The letter also argued that it is “difficult to fathom” how the committee is fulfilling any legislative purpose with its subpoena. 

Berke asked for the committee to provide a list of topics that it wants to discuss with McCarthy and copies of documents it wants to ask McCarthy about.  

He also asked several questions about the ranking member on the committee, questions apparently intended to poke holes in the committee’s legitimacy. 

Where to go now: The minority leader and other GOP members subpoenaed by the select committee have limited options in how to respond to the demands.  

If they choose not to comply, they can either challenge the panel in court as other potential witnesses have done or defy the subpoenas and risk House contempt proceedings and a criminal referral to the Justice Department. The tactics may succeed in prolonging the investigation in a midterm election year, but it’s far from certain the GOP House members would succeed in court. 

Federal courts have repeatedly sided with the select committee in legal challenges against its investigative demands, upholding its subpoenas and the panel’s authority to issue them.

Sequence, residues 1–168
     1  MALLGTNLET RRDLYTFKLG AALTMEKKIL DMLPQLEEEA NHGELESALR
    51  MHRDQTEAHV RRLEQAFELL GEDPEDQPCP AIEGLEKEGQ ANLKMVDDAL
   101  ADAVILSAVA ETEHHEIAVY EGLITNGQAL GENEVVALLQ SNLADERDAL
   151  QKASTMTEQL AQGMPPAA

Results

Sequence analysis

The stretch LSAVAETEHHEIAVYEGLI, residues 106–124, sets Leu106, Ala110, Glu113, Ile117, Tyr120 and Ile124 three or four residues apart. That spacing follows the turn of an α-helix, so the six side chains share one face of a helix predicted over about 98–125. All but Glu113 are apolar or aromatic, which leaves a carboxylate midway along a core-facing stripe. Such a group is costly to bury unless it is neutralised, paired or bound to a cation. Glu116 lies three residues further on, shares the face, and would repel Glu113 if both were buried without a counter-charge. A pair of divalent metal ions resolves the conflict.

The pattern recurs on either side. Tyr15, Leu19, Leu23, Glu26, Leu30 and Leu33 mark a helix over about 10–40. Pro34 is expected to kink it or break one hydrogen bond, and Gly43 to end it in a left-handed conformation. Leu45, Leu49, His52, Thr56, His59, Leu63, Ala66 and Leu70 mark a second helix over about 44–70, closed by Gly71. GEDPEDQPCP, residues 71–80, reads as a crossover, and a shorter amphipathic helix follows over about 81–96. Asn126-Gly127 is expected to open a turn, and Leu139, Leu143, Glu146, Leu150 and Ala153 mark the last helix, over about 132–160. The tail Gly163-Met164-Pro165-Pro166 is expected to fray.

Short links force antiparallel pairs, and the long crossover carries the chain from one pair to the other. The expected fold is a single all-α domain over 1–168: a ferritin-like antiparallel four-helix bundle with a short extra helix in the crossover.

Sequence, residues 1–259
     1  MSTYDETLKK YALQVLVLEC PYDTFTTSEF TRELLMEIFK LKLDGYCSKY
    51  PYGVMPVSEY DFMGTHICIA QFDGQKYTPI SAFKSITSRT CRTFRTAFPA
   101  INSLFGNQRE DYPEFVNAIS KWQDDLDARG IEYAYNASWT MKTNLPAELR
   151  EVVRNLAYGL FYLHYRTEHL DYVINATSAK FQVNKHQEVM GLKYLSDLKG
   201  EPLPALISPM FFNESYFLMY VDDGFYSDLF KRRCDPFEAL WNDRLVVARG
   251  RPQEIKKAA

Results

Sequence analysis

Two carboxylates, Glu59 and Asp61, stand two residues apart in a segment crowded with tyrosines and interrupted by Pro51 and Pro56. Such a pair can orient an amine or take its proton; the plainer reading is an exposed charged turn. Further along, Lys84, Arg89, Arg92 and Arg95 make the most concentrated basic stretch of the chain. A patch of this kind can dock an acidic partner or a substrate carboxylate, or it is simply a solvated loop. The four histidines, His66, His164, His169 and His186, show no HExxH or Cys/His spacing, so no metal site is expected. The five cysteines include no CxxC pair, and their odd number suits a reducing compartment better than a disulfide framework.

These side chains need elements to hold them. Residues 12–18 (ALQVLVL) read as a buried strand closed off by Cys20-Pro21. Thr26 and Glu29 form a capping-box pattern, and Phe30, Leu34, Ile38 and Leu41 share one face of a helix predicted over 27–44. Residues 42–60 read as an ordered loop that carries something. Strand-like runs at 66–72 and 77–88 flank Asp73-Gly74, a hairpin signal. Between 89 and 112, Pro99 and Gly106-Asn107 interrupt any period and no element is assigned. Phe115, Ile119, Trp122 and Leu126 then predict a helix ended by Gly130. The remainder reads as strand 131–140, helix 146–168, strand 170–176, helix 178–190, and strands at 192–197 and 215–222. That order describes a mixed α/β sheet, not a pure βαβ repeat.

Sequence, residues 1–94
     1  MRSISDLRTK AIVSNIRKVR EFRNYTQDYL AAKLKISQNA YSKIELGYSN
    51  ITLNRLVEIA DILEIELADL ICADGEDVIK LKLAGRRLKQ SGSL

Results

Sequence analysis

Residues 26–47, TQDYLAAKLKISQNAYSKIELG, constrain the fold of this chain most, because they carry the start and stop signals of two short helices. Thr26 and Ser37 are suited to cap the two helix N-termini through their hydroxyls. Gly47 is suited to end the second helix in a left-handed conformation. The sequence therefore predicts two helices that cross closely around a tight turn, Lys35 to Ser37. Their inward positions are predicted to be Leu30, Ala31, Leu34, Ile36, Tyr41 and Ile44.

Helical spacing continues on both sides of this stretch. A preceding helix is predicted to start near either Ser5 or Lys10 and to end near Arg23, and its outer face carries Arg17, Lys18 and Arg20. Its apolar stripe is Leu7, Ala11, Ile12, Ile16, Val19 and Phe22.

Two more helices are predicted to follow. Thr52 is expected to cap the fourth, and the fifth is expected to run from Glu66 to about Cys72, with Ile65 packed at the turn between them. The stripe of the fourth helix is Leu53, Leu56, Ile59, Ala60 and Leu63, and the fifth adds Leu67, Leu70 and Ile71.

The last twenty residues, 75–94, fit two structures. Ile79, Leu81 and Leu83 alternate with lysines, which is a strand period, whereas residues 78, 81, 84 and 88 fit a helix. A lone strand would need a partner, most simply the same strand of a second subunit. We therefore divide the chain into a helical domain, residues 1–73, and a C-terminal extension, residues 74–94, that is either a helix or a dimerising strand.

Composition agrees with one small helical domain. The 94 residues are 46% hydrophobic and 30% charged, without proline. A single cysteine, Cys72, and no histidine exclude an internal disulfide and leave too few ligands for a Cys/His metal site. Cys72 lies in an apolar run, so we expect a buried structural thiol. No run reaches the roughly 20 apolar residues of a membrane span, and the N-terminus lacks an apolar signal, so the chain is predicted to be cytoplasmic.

Read the story here. 

Biden rebukes Putin in Naval Academy address

President Biden on Friday urged this year’s graduating class of midshipmen at the U.S. Naval Academy to be stewards of strong American leadership abroad as the world faces major challenges including Russia’s war in Ukraine.   

‘An inflection point:’ “You are graduating at an inflection point, not only in American history but in world history,” Biden told the graduating class. in the commencement address at the Naval Academy graduation in Annapolis, Md. “The challenges we face, the choices we make are more consequential than ever. Things are changing so rapidly that the next 10 years will be the decisive decade of this century.”   

Taking aim at Putin: Biden accused Russian President Vladimir Putin of “literally trying to wipe out the culture and identity of the Ukrainian people” by attacking schools, hospitals and other sites in the war that began more than three months ago.   

“A direct assault on the fundamental tenets of rules-based international order. That’s what you’re graduating into,” Biden said.   

How Biden used the speech: The president largely used the address to prepare the roughly 1,200 graduating midshipmen for the challenges ahead, repeating his belief that the world is in the midst of a “global struggle between autocracies and democracies.”   

The graduates, he said, will be “representatives and defenders of our democracy” on the world stage. 

“I cannot promise you the way will be straight or the sailing will be easy, but I can promise you that you all have the tools needed to navigate any waters you encounter,” Biden said as he closed the speech. “You are ready.”